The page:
Toltec Civilization: People, Culture & Social Structure

Instructor: Joanna Harris

Joanna has taught high school social studies both online and in a traditional classroom since 2009, and has a doctorate in Educational Leadership

The Toltec Civilization, as ancestors to the mighty Aztecs, provided them with a rich heritage that allowed them to rule Mesoamerica before the coming of the Spanish. If you would like to learn more about the Toltecs, this lesson is for you.

The Toltec Civilization

Imagine enormous buildings made from pure gold, jade, and turquoise. The Toltecs had pyramids made from these precious minerals that rivaled anything created in the region since the dawn of man.

Sandwiched between the Olmec Civilization and the Aztec Civilization, the Toltec Civilization controlled Mesoamerica from the 900s CE through the 1100s CE. They controlled the region now known as Mexico around the area of Culhuacan in the Mexican Valley. Their capital Tollan boasted a population of around 40,000 in its heyday.

The Toltecs really were a jack of all trades type of civilization and mastered many different forms of building, agriculture, art, and trade. Let's see how these talents affected their social structure.

Toltec Culture

The Toltec were warriors and innovators of architecture and artistry. The importance of warfare to the Toltec can be seen in the remnants of their massive monuments.

Four, load-bearing columns supported the roof of a pyramid (known as Pyramid B) and are sculptures of Toltec warriors. Each of the columns feature the battle garb of the Toltec designed with multicolored headdresses and holding an atlatl, a Toltec spear thrower. Each column is basically identical, which hints that the Toltec were familiar with scientific management and mass production.

Pyramid B at Tollan

The pyramids found in Tollan all contain artwork called friezes, which are long sections of walls decorated with paintings and sculptures engraved into the surface. One such frieze found at Pyramid B was over 130 feet tall and had images of jaguars and coyotes - symbols of war.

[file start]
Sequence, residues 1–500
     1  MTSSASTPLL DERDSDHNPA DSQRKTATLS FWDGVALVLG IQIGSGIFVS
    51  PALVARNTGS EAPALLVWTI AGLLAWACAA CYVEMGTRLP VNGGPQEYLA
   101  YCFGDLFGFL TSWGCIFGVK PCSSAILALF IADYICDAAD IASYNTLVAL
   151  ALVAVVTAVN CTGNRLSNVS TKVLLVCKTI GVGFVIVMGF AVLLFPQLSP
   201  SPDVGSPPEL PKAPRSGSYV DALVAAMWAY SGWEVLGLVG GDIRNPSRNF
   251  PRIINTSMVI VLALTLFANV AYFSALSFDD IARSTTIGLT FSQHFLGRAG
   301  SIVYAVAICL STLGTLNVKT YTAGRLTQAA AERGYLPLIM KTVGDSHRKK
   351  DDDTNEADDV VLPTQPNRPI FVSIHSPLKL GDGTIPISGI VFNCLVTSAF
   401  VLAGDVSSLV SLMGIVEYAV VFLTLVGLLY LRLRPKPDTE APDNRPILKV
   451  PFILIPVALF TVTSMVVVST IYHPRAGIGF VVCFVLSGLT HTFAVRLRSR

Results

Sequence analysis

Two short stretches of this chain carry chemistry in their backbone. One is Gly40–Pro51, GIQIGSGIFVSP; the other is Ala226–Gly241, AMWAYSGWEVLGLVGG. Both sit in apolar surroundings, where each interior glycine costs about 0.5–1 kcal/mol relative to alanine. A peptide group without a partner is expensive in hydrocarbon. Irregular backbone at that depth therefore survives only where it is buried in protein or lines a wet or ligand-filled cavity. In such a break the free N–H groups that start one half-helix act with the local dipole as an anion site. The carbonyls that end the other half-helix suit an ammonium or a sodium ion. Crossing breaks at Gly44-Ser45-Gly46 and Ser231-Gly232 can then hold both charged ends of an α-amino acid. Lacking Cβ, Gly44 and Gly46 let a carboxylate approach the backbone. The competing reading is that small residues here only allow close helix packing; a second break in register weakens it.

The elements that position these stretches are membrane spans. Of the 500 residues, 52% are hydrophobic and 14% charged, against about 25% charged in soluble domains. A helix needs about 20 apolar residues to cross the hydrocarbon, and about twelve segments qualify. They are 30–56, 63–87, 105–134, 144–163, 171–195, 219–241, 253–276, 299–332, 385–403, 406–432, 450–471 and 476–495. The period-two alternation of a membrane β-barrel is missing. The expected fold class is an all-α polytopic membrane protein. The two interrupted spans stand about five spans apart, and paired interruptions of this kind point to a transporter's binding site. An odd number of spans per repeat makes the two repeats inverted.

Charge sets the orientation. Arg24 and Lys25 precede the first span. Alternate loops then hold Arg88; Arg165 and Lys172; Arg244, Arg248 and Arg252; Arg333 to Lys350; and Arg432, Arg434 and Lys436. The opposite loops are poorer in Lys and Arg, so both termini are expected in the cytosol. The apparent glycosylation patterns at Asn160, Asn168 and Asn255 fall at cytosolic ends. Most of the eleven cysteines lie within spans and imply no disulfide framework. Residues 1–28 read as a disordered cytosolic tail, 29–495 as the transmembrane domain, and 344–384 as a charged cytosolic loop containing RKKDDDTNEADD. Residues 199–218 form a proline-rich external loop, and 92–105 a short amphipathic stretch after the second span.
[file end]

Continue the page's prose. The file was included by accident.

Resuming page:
Quetzal feathers were large colorful feathers worn by the Toltec and the Aztecs, a tribute to the importance of multicolored feathers. Quetzal feathers adorned the headdresses of Toltec warriors and Toltec nobility. They are also a part of the imagery of some of the Toltec deities like their sun god Quetzalcoatl, who is always pictured with the quetzal feathers that bear his name.

Toltec Society

Like most Mesoamerican cultures, the Toltec had a hierarchical society that placed much importance on military conquest.

The Toltec nobility were warriors who had advanced themselves in battle to the upper echelon of power. They were joined in the upper class by the holy men of the Toltec who may have also been warriors as well.

Human and blood sacrifices would have been a large part of this class. In their view, sacrificial offerings to the gods was essential to ruling the Toltec army and government. This belief can been seen clearly in their art. For example, the tzompantli is a rack made from the skulls of vanquished foes or sacrifices to the gods.

Military nobility and religious leaders would have had to beseech the gods for permission prior to attempting an attack. For these reasons, the upper class of the Toltec would have to include both military and religious leaders working in tandem over the government, military, and religious rituals.

Middle Class Toltec Society

The middle class of Toltec society included the craftsmen and other skilled artists who not only made jewelry and friezes, but made pottery as well. Artisans made the fine gold, turquoise and jade jewelry that would have been worn by the nobility. The Aztecs considered them so skilled that they named their own jewelry makers and metal workers 'tolteca'.

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